Veterans and civilians with a documented disability as defined under the ADA, "...a physical or mental impairment that substantially limits one or more major life activities," are quailfied for the assistance of a Service Dog. Veterans with PTS (Post Traumatic Stress Disorder) and other disabilities receive priority for training and financial assistance from Give Us Paws.


Give Us Paws Service Dog training follows an eight to twelve-month training program which requires the completion of private training courses, public access training, and customized, one-on-one, disability-specific training. We utilize only positive, clicker-training methods. Dogs are kept motivated and eager to please using treats, excitement, fun, rewards and other surprises.


Animal/handler teams need your support for training. We rely on your donations to fund our training programs for those with a financial need. Tax-deductible corporate and private sponsorhips available.


If you're looking for a quick reference to information about Give Us Paws, here are some of the most common question that we're asked. If you don't see an answer to your question, please email us at: [email protected].

Are you or do you know a veteran or civilian with a disability that may be able to use the assistance of a Service Dog?

Please Apply Now

About Us

Give Us Paws is a federally recognized 501(c)(3) nonprofit corporation based in Houston, Texas. We provide subsidized and free training of eligible candidates' dogs as assistance animals. We focus on veterans suffering from Post-Traumatic Stress (PTSD), Military Sexual Trauma (MST),Traumatic Brain Injury (TBI) and limited mobility. Subsidized services are also provided to civilians determined to be disabled under the Americans with Disabilities Act.

Veterans receive priority for funding and training. We train Service Dogs for handlers suffering from disabilities in order to mitigate the symptoms and to improve the quality of their lives.

Give Us Paws is committed to evidence-based training methods and to setting service dog training standards to a high level of reliability that their handlers can depend on. We train in the most efficient manner possible, making sure our trainers are skilled in using positive reinforcement to build the behaviors people with disabilities need to make their service dogs safe and reliable in public.

Give Us Paws helps train Service Dogs to assist their disabled handlers to improve the quality of their lives. Give Us Paws is committed to working with the handlers and dogs as they learn to work together as a team.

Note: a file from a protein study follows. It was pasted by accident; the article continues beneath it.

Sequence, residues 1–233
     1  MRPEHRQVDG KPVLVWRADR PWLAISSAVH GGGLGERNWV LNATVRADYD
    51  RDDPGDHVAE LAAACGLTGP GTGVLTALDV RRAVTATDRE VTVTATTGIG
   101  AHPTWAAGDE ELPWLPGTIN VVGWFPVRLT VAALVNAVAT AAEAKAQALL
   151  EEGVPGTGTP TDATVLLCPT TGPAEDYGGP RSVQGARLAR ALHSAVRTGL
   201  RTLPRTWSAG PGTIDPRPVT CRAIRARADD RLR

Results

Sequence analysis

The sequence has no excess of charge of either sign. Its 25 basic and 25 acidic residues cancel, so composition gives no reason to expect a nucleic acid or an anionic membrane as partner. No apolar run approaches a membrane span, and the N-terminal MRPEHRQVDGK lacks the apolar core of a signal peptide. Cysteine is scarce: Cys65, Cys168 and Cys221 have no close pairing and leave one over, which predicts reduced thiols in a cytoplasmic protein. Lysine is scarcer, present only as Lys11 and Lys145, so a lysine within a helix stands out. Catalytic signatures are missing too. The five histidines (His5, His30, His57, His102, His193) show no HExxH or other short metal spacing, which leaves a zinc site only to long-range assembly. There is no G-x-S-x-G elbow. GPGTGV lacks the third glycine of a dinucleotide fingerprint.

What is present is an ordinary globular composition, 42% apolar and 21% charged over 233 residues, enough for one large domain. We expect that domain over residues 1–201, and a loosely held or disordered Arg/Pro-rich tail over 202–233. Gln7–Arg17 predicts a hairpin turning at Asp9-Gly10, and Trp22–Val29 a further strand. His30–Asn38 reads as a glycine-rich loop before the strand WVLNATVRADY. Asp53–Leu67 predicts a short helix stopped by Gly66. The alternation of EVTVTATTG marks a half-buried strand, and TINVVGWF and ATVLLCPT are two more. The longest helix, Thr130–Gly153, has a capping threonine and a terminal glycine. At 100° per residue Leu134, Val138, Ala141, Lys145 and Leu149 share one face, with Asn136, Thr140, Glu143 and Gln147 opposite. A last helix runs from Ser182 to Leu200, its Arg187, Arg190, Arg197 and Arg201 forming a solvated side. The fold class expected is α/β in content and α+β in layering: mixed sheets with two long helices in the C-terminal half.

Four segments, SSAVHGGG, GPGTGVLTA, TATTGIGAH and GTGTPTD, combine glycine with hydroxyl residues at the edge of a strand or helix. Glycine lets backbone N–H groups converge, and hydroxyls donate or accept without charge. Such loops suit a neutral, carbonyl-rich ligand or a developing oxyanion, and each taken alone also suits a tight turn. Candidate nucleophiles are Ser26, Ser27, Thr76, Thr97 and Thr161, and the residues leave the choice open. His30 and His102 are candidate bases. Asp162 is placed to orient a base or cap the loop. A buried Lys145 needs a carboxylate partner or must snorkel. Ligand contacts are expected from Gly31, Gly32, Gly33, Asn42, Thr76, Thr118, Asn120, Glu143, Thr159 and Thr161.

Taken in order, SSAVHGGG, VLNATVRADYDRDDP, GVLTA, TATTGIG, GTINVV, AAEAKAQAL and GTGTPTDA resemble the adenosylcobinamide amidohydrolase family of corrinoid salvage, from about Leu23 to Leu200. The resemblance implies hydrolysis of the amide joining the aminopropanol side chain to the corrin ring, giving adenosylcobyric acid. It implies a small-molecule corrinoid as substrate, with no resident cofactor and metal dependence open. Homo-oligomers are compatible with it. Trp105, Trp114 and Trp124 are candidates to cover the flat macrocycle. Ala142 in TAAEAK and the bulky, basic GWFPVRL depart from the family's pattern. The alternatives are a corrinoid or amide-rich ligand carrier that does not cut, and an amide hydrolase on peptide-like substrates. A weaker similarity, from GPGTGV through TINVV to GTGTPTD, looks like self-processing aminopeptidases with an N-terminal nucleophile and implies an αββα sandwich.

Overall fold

There are thousands of returning veterans suffering from PTS having issues adjusting to normal life. The VA does not supply any funding for the training or care for service animals of veterans with PTS and there's a large gap that needs to be filled with extremely limited resources.

*We are not currently training Diabetic Alert Dogs

Latest news

  •  align= I’m Adam. I am currently going through a medical retirement from the Army after nearly 22 years of service in the Texas National Guard and the Army Reserve. During that span, I had a yearlong deployment to Iraq in 2005-2006, plus another 4-5 years’ worth of stateside active duty tours. Making the decision to accept retirement was a difficult one. While I am proud to be leaving the serv ...more

     align= On September 11, 2001, I started thinking about going into the military, and it took me til 2003, after the Iraq invasion to finally decide to do what I knew that I had to do. So on October 21, 2003, I arrived at basic training at Fort Benning, Georgia, as an infantry trainee. After my basic training and infantry AIT, I reported to airborne school and then once completed moved onto RIP (Ranger ind ...more

     align= My name is Natalie, I was in the Army for about six years.  My last rank was E4.  My disability occurred during deployment to Iraq in 2010.  I have PTSD and it affects me by being in crowds and I get bad anxiety to the part I start to have anxiety attacks. I also have diabetes and major depression. I can’t even go to the grocery store it is very uncomfortable. I feel like ever ...more

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